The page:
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# Tet-trouble

The following solution was sent in by Becki from the Mount School, York. Becki uses The Triangle Inequality. Andy from the Garden International School used the same method .

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The following solution was sent in by Becki from the Mount School, York. Becki uses The Triangle Inequality. Andy from the Garden International School used the same method .

It is definitely impossible to have a tetrahedron which has edge lengths of 10, 20, 30, 40, 50 and 60 units.

This is because to produce a triangle two sides have to be bigger (when added together) than the third. So this tetrahedron won't work because the 10 is too small to make a triangle. e.g. 10, 20, 30

- 20 + 30 > 10 (OK)
- 10 + 30 > 20 (OK)
- but 10 + 20 = 30 so the triangle becomes a straight line.

10 will not go with any other two numbers in the above list.

However it is possible to make a tetrahedron which has lengths 10, 20, 25, 45, 50 and 60 units. The reason is that the numbers are big and small enough to fit the rule of triangles (the sum of two sides bigger than the third) Here is my net of this tetrahedron to explain my answer (not to scale!)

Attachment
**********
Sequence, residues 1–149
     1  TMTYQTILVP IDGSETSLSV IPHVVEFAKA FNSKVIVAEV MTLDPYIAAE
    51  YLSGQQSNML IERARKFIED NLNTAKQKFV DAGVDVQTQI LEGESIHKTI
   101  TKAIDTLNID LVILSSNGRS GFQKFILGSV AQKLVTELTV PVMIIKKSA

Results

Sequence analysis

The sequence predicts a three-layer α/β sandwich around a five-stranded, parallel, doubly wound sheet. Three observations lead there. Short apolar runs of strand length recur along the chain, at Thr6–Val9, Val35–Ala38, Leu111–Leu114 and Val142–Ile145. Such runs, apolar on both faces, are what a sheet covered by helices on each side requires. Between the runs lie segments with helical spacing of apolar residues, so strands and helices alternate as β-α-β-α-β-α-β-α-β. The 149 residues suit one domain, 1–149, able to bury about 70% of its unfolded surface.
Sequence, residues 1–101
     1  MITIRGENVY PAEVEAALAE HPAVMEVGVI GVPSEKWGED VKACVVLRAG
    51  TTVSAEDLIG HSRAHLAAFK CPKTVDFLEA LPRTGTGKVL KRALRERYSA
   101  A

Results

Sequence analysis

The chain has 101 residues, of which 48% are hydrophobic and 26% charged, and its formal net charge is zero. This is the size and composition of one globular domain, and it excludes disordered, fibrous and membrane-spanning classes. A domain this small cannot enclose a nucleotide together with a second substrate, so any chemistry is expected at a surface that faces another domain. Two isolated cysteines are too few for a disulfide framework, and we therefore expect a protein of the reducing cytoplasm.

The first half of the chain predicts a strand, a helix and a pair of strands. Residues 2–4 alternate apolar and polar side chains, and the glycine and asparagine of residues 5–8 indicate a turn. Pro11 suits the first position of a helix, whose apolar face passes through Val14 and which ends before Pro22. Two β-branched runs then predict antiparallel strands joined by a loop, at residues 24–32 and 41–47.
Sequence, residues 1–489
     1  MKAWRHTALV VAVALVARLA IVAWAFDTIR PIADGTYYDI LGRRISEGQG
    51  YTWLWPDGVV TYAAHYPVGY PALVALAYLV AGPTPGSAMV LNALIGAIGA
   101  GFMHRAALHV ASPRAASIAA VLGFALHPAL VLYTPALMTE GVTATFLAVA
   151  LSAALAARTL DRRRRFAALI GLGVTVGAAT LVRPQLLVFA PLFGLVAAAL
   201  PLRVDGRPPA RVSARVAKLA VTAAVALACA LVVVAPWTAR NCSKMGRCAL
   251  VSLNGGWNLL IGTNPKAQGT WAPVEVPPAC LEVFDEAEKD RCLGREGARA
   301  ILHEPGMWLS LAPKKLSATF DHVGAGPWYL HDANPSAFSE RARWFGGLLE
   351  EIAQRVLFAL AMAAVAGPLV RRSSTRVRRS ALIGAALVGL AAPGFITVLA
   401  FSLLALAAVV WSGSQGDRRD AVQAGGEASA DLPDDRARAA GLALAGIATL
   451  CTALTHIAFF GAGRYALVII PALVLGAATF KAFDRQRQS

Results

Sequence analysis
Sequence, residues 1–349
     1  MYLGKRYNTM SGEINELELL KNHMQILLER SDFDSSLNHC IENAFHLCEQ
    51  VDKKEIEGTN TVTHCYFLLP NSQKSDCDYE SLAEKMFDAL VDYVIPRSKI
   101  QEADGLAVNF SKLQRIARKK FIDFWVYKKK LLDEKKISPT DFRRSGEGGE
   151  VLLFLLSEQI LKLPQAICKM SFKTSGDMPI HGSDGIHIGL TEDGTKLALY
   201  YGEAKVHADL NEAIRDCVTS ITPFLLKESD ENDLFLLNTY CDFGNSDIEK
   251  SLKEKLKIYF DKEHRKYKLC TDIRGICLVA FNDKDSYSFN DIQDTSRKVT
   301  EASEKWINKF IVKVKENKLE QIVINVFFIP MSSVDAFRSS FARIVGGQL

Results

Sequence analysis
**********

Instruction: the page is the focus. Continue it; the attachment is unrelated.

Triangle 1 | 10 + 25 > 20 | Triangle 2 | 10 + 50 > 45 | |

10 + 20 > 25 | 10 + 45 > 50 | |||

20 + 25 > 10 | 50 + 45 > 10 | |||

Triangle 3 | 50 + 60 > 25 | Triangle 4 | 60 + 45 > 20 | |

25 + 60 > 50 | 20 + 60 > 45 | |||

25 + 50 > 60 | 20 + 45 > 60 |

So all four faces are fine, so it can make a tetrahedron.

Two cubes, each with integral side lengths, have a combined volume equal to the total of the lengths of their edges. How big are the cubes? [If you find a result by 'trial and error' you'll need to prove you have found all possible solutions.]

Is the mean of the squares of two numbers greater than, or less than, the square of their means?